Cryptography depends upon trust to ensure the authenticity of communications. In this video, Mike Chapple explains three common trust models: in-person key exchange, the web of trust, and the public key infrastructure, PKI.
- [Instructor] Any cryptographic system … depends upon some degree of trust. … Earlier in the course, we discussed how strong cryptography … depends upon a secure key exchange process. … The two people communicating must be confident … that they're really communicating with each other … and not an impersonator and that nobody is able to eavesdrop … on the communication where they exchange encryption keys. … The Diffie-Hellman key exchange protocol helps us … with preventing eavesdropping, but we still require some way … to ensure that we're not communicating with an imposter. … In asymmetric cryptography, … every user possesses a personal secret key … that they don't need to share with anyone else. … They can also share their public keys freely, … so there's no risk of eavesdropping there. … These two factors combine to eliminate the need … for eavesdropping protection during key exchange. … However, we do still need to worry about imposters. … How do we know that the person sending us their public key …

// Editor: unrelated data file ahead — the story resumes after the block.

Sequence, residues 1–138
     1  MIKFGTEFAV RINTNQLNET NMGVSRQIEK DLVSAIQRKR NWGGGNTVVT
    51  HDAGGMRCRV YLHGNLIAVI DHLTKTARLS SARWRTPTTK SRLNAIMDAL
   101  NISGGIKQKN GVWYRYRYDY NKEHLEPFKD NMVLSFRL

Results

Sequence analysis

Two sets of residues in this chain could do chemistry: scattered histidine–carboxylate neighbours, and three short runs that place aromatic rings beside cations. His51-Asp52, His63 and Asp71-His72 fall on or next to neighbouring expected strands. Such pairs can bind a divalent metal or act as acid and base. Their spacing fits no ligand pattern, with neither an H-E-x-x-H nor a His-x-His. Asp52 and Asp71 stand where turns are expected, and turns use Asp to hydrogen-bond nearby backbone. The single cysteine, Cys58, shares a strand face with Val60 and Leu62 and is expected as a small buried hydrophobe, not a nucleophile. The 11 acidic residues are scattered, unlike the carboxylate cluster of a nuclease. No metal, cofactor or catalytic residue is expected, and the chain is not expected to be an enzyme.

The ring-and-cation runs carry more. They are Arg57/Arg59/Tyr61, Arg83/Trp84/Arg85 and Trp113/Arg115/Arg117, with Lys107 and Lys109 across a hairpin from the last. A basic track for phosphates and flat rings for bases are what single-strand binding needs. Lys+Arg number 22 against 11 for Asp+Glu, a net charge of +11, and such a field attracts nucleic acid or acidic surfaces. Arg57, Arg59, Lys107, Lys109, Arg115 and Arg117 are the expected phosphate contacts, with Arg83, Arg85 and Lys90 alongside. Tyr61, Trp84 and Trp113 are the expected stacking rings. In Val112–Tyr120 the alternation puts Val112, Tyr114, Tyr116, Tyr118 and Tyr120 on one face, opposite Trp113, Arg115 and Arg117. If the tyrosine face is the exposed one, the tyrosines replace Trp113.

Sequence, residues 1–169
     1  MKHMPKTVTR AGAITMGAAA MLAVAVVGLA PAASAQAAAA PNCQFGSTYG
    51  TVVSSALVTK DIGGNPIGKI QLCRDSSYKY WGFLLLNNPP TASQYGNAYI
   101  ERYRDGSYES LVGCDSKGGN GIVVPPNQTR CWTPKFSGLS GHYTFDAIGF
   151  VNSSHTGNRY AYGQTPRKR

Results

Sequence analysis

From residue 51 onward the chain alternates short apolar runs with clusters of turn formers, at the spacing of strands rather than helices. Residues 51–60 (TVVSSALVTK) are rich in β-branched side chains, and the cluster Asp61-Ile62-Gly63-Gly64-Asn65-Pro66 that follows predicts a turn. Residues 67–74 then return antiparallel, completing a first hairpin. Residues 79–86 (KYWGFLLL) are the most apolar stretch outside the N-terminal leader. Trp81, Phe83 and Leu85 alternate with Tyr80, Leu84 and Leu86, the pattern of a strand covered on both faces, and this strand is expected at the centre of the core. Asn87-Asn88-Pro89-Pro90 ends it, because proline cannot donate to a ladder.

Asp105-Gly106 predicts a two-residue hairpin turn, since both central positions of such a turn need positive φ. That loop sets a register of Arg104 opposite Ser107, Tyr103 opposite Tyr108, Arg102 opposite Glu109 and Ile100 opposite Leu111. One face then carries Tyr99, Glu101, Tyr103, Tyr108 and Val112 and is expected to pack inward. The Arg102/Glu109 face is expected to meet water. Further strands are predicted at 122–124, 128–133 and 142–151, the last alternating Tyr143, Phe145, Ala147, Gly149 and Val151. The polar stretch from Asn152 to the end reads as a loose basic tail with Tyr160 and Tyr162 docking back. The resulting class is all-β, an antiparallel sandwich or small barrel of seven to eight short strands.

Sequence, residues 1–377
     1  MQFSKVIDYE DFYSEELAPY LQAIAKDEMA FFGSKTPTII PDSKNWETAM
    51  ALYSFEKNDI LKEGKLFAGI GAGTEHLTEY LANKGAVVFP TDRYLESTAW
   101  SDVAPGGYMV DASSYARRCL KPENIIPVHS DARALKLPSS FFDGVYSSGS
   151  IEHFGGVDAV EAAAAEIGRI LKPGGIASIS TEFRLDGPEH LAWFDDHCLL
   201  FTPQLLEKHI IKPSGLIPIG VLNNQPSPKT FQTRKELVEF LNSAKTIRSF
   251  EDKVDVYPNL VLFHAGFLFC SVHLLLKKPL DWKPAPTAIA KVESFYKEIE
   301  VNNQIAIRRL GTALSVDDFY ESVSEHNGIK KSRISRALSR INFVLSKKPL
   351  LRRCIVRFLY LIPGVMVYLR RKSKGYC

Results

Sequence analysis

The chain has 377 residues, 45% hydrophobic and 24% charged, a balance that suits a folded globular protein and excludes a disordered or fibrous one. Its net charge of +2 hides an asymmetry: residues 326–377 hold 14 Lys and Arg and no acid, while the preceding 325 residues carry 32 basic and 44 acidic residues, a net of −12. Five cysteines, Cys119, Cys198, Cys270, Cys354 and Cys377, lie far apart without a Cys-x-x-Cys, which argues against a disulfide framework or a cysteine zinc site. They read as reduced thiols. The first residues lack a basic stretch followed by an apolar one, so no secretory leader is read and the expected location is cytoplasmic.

- Block storage types
- Cloud storage security threats
- Encryption basics
- Choosing encryption algorithms
- Key management
- Public key infrastructure (PKI)
- Creating and revoking digital signatures
- Securing common protocols
- Data protection
- Information management
- Information rights management
- Logging security events
- Continuous security monitoring
Skill Level Intermediate
CompTIA Cloud+ (CV0-002) Cert Prep: 2 Securitywith Joseph Holbrook1h 31m Intermediate
1. Cloud Data Storage
3. Key Management
4. Public Key Infrastructure
5. Cryptographic Applications
6. Data Protection
7. Information Management
8. Data Event Auditability
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